Once the holiday rush is over there is usually time to complete a project or two with the children or grandchildren. Introducing children to bird feeding can be fun and entertaining for both parties.
A feeder can be as simple as spreading seed on the ground. To avoid a huge mess in the spring, place a small tarp or cardboard under the feed to keep seeds from becoming imbedded into the earth. Ground feeding birds will appreciate the treat. Do not use this type of feeder if cats are a problem.
A slightly more complex feeder can be made by cutting a hole in the side of a 4 liter milk jug. Seeds are then placed inside and the feeder is hung outside on a tree or pole. Granted, this type of feeder is not aesthetically pleasing but it will attract birds and most children can complete the task with little or no help. All that is needed is a felt pen, knife with a retractable blade or a pair of sharp scissors.
Draw a circle on the side of the milk container. The size of hole depends on the type and size of bird that will be feeding. The larger the hole, the larger the birds that will be able to perch and eat. Make the hole 1 – 1 ½ in (2 – 3 cm) from the bottom to keep the seed in the container. Once the hole is cut, smooth out any sharp or pointy edges.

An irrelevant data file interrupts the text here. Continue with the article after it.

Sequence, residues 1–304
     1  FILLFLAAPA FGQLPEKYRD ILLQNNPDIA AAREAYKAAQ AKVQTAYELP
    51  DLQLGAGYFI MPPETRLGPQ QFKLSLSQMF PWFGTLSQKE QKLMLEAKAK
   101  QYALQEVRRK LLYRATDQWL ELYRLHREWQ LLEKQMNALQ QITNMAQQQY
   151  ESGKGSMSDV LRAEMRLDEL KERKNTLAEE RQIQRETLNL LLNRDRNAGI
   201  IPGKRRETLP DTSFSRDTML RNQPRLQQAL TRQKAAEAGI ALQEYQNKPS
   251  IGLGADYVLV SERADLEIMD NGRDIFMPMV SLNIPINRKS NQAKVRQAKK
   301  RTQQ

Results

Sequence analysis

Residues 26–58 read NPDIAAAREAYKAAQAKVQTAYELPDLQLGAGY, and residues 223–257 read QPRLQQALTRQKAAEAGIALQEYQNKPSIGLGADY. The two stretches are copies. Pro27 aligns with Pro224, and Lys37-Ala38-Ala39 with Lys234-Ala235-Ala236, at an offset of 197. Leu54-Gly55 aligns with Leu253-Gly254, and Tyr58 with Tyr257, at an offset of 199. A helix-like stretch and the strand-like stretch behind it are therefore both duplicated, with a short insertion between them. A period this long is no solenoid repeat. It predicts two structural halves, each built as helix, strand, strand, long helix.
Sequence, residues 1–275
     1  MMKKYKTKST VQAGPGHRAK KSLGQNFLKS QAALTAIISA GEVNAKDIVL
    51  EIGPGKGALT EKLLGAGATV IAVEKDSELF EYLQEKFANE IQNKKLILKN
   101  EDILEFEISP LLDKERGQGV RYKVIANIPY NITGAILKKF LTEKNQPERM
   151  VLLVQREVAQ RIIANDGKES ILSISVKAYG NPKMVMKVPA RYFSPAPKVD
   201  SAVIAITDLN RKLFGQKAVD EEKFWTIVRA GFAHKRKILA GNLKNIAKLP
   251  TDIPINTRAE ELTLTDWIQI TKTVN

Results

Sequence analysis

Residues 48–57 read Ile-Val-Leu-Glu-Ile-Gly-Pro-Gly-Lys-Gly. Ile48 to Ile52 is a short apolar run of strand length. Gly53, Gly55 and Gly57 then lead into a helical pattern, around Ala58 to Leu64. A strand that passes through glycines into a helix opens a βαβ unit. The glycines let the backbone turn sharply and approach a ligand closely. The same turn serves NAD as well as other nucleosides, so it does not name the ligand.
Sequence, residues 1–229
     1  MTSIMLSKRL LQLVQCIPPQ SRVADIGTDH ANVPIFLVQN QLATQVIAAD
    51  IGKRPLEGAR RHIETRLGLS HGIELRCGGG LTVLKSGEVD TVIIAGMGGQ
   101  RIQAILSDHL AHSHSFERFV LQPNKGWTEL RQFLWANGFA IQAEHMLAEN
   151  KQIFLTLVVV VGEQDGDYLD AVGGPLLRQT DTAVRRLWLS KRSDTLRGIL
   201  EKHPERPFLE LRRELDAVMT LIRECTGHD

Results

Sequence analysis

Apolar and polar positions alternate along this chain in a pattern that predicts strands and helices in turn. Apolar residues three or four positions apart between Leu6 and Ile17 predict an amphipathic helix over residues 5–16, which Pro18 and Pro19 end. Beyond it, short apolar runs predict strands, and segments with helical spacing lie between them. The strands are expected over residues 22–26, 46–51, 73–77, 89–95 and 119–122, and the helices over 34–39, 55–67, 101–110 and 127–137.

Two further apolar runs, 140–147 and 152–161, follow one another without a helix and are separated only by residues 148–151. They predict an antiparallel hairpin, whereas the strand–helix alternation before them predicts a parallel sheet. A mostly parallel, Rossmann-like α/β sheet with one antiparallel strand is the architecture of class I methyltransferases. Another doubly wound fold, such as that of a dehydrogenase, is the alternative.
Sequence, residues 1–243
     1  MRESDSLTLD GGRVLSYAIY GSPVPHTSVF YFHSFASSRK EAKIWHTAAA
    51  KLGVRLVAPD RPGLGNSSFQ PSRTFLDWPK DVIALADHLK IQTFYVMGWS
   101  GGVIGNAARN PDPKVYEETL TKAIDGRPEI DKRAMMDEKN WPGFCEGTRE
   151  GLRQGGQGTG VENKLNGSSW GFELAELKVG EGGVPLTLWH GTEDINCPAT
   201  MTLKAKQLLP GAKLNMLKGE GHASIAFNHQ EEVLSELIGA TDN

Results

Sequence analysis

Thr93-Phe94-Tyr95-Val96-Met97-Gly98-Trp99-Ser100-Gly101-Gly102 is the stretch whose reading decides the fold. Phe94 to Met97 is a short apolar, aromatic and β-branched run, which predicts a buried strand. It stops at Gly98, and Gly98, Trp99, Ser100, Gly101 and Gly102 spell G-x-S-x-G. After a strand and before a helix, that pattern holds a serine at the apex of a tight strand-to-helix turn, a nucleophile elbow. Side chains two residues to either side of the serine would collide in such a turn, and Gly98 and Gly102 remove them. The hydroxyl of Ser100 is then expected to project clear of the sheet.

Suet balls are more time consuming but great for children that like to cook or make a mess. The ingredients tend to be sticky so for ease of cleanup, cover the mixing area with newspaper or plastic. It is possible to render lard into suet but it is much easier to purchase pure lard and mix it ½ and ½ with peanut butter. Add nuts, whole grains and small portions of dried fruit then mix together using a large spoon. Do not add seeds in shells as they become slippery and are hard to crack open.
Once the mixture is combined, place it in a net bag and attach a string. The finished ball should be hung high enough off the ground to remove all chance of the ball being eaten by a dog.
When buying ingredients for the ball, avoid items with added sugar or salt.
Older children might enjoy assembling a wooden feeder. Unless the child proficient with tools, putting a feeder together is a joint activity between a child and adult.
If your child lives to shop, there are many different types of feeders on the market. Choose one that fits your budget and yard. While they might not have made the feeder they can still enjoy filling it and watching the birds.
Having a good bird book that contains pictures of the common birds in the area add to the enjoyment and educational experience. Books on Birds of Alberta can be found at the Public Library, at book stores and various outlets.
Linda Tomlinson is a horticulturalist and educator living in Rocky Mountain House. You can contact her at firstname.lastname@example.org.